Fielding is a part of baseball, just like pitching and hitting. The three primary dimensions. But not everyone participates in all three.
Besides, has Steigerwald never heard an N.L. manager grumble about his starting pitcher spending too much time on the basepaths as a runner? Is he unaware that such situations cause coaches to worry about their hurler's arm and overall well-being?
Managers are paid to worry about their guys and make sure they are put into situations that will allow them to succeed while minimizing risk. All managers.
The third problem with this nonsense is that Steigerwald's argument is simply flawed. It's not that Ortiz can't play the field, but rather that he doesn't. I can assure Mr. Steigerwald that, having seen Ortiz man first base with my own eyes, he's roughly 1,000 times better than I would be. Even if he was the worst defender in the major leagues he would still be plenty good.
Terry Francona's point isn't that Ortiz is incapable of picking up a glove. His point is that because Big Papi doesn't do so regularly, it would be putting him in a risky position. It would also be a detriment to the team's overall defense to have an unpracticed player taking grounders and receiving put-out throws at first.
One needn't be John Daly to get hurt. In fact, I'm not sure that insulting John Daly was necessary or relevant.
In baseball more than in any other sport, the nature of the game leads to injuries. The lack of continuous movement, the stopping and starting, the burst of sudden activity increase the likelihood of muscle pulls, for example.
Bad hops, dives, stretches...they're all fine if you're accustomed to dealing with such moves, but it's unreasonable to expect a player who, by rule, doesn't engage in such activities to be ready and raring to go simply because interleague play has rolled around.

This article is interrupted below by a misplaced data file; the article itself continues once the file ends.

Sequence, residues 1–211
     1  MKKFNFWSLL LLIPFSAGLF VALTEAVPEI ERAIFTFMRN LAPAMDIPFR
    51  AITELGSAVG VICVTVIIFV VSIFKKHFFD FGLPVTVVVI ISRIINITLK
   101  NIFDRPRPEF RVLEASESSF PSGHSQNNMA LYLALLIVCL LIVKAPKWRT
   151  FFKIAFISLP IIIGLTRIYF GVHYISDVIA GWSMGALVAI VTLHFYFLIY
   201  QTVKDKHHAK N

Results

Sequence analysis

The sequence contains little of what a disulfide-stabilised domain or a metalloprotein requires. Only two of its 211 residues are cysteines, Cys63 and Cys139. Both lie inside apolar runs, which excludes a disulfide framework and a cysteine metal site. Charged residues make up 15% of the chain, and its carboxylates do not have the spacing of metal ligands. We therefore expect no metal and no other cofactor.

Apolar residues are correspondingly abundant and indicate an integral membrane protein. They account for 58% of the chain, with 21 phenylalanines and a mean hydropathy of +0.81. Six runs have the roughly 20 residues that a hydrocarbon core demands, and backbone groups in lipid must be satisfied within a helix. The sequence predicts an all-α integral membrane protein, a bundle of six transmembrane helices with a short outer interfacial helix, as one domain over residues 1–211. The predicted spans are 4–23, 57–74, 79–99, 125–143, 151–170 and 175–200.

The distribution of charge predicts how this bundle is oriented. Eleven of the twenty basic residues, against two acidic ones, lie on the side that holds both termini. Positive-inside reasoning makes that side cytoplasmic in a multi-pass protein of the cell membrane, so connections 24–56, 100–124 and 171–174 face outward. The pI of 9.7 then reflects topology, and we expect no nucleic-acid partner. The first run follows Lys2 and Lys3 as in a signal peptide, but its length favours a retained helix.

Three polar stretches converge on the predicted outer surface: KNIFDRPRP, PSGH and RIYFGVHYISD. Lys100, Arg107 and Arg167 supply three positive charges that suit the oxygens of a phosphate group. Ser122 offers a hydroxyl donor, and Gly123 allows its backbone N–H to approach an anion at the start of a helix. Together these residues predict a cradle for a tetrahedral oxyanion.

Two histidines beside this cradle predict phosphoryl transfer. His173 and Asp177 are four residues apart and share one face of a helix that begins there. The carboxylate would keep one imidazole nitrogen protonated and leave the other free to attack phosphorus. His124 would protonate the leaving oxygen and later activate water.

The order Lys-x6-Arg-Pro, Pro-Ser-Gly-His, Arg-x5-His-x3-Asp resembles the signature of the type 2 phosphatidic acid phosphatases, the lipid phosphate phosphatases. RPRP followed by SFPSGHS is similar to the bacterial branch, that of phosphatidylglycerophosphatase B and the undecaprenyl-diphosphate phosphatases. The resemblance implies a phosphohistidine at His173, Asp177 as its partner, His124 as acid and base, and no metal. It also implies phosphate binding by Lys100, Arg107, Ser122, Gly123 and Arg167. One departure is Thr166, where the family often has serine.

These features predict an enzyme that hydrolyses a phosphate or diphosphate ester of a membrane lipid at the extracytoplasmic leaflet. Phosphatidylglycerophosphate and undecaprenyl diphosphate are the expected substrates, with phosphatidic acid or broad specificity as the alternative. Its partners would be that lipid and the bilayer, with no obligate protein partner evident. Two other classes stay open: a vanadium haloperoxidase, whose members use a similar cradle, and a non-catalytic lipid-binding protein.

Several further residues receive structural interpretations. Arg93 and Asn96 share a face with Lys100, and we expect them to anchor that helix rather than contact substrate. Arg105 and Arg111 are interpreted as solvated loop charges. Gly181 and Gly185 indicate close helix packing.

Francona's complaints might have been out of line, and if Steigerwald wanted good fodder for a column, he should have stuck to Tito's whining. Because that, at least, was possibly worth of criticism. Ortiz's talent on the diamond is not.
If Mr. Steigerwald doesn't like the DH, I wonder how he feels about the various other changes to the game. Does he have a problem with relief pitching? Five-man rotations? Night games? Bi-coastal road trips? The 162-game schedule? Instant replay? QuesTec? Free agency? Immediate access to video scouting reports?
Or is his beef with the one rule that happens to apply to the league that doesn't field a team in his area of readership?
His post was little more than a lame and misguided attack on the A.L. and Ortiz.
We shouldn't be surprised. Sensationalism appears to be Steigerwald's bread and butter, as evidence by the article he wrote about the beating of Giants' fan Brian Stow. In that post he more or less blamed Stow for inviting the attack by wearing a San Francisco jersey. The post has since been removed, but was mentioned by Craig Calcaterra on HardballTalk.com.
The Ortiz bashing is certainly less egregious. But it's cut from the same cloth. And in the end, it is almost as absurd.